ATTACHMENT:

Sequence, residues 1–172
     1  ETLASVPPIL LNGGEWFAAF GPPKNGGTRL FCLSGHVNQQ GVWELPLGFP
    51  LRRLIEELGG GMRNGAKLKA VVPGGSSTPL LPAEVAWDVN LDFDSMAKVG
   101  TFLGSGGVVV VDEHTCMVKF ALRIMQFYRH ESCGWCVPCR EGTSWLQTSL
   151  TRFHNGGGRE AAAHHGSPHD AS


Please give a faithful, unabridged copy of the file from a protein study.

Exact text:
Sequence, residues 1–172
     1  ETLASVPPIL LNGGEWFAAF GPPKNGGTRL FCLSGHVNQQ GVWELPLGFP
    51  LRRLIEELGG GMRNGAKLKA VVPGGSSTPL LPAEVAWDVN LDFDSMAKVG
   101  TFLGSGGVVV VDEHTCMVKF ALRIMQFYRH ESCGWCVPCR EGTSWLQTSL
   151  TRFHNGGGRE AAAHHGSPHD AS